The range of materials is vast – plastics, composites, metals, ceramics and zirconia.
🦷 Ceramics – placed in the incisor area e.g. veneers or crowns, as they are aesthetically pleasing. Disadvantages – material is brittle, can break, care should be taken when biting fork or fruit stone.

🦷 Metal ceramic – ceramic based on a metal frame, durable crown, but placed in the lateral areas where aesthetics are not a priority, as the metal edge casts a shadow near the gum.

🦷 Metal crowns – are dental crowns that are not coated and can serve as an abutment for removable trays where aesthetics are not important, it has an abutment function.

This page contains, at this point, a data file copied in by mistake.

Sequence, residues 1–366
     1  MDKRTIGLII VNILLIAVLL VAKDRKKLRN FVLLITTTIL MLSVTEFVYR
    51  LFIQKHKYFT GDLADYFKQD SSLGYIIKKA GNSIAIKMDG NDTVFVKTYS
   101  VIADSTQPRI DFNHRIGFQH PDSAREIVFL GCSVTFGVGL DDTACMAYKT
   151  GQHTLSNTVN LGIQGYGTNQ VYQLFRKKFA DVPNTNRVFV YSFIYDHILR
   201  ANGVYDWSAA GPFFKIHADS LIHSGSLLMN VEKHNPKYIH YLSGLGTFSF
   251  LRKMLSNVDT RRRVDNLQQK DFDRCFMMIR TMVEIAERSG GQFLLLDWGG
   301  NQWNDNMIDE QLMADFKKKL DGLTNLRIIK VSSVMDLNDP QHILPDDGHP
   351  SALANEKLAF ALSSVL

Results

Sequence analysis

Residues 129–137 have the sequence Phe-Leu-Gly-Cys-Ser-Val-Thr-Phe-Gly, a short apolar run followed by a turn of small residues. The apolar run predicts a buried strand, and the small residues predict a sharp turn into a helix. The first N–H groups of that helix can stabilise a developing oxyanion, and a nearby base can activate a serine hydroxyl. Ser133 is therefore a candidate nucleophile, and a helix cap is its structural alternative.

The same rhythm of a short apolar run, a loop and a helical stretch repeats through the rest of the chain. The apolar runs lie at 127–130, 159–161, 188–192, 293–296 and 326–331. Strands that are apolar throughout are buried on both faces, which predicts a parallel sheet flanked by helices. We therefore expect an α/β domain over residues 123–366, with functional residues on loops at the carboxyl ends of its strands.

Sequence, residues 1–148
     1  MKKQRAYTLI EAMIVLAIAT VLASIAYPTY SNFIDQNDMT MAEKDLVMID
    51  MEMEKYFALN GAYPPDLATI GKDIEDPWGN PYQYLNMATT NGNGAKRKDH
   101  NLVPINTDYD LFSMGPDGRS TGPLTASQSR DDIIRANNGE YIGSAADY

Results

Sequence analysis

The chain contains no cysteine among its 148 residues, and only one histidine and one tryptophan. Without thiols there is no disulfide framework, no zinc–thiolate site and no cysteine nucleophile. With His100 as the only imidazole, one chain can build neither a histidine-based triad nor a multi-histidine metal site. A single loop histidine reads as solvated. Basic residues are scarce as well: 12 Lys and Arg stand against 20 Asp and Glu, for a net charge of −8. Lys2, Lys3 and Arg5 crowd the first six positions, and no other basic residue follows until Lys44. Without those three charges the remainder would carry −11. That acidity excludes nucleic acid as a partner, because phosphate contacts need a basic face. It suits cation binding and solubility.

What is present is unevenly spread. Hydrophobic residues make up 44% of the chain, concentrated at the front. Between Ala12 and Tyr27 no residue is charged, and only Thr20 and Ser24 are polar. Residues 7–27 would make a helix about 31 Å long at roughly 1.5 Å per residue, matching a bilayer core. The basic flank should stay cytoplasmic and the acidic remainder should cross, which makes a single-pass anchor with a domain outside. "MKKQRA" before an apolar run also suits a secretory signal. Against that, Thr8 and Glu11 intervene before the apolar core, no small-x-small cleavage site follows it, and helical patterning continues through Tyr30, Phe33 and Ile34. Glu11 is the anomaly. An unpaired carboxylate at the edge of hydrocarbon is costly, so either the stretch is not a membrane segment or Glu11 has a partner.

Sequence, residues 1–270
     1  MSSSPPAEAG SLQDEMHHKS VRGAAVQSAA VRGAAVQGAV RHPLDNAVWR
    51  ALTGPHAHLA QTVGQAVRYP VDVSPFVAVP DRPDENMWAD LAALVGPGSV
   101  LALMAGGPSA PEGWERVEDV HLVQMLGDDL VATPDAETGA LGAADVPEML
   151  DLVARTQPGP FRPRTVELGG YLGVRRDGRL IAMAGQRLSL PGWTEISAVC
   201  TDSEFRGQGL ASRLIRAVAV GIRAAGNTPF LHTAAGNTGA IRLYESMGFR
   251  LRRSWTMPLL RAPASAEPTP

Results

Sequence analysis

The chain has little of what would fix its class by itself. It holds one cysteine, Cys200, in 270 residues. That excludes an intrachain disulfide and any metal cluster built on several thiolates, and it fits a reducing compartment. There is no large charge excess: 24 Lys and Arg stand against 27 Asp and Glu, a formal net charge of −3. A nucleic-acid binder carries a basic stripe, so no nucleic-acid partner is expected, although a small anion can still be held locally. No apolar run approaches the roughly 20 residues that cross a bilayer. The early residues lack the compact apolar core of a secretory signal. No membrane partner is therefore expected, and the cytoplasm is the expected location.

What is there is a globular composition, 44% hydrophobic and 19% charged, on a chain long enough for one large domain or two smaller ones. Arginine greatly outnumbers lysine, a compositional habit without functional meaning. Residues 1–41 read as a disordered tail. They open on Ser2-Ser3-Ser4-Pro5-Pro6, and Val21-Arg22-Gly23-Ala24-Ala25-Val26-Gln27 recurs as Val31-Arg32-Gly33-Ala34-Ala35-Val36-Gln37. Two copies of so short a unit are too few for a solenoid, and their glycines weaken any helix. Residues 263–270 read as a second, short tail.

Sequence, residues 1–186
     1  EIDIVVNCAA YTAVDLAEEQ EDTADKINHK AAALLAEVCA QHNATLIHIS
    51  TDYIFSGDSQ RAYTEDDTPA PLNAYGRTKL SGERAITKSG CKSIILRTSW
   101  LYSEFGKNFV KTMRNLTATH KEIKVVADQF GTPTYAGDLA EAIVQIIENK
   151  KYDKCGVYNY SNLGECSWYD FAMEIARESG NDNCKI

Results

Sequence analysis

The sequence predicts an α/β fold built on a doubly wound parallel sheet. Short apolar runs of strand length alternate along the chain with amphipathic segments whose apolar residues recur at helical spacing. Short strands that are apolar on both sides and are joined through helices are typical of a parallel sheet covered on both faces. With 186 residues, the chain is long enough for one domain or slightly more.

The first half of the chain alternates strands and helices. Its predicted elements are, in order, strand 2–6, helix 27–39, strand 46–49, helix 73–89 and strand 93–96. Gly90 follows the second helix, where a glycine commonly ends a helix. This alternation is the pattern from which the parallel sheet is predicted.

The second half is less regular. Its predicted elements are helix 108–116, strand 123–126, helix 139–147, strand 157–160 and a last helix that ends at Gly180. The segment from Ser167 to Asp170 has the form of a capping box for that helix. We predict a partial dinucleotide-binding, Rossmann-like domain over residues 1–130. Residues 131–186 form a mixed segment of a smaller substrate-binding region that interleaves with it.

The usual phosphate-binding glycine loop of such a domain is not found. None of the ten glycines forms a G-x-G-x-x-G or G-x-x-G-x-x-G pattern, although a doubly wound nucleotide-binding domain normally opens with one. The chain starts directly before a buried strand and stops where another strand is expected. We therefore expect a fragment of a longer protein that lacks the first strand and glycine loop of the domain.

🦷 Zirconia crowns – are very durable and aesthetic and do not cause allergic reactions. Modern materials allow them to be used in both the incisal and lateral areas, as their longevity and biocompatibility with the gingiva have been proven.

🦷 Plastic crowns – self-hardening plastic allows a temporary crown to be made quickly and fixed immediately after the tooth has been prepared or ground down (no need to walk around without the tooth while the technician makes the crown in the laboratory) in the dentist’s chair. A long-lasting PMMA crown is made and fixed on the tooth for a maximum of 2 years in cases where the tooth needs to be monitored after treatment or in cases of poor prognosis. The main disadvantage is discolouration and lack of durability.

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